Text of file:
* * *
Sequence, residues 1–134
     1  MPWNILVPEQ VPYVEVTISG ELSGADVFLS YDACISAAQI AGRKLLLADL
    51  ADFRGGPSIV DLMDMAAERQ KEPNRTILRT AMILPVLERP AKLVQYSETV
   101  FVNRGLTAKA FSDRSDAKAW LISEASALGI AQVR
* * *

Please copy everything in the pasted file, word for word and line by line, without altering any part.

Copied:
Sequence, residues 1–134
     1  MPWNILVPEQ VPYVEVTISG ELSGADVFLS YDACISAAQI AGRKLLLADL
    51  ADFRGGPSIV DLMDMAAERQ KEPNRTILRT AMILPVLERP AKLVQYSETV
   101  FVNRGLTAKA FSDRSDAKAW LISEASALGI AQVR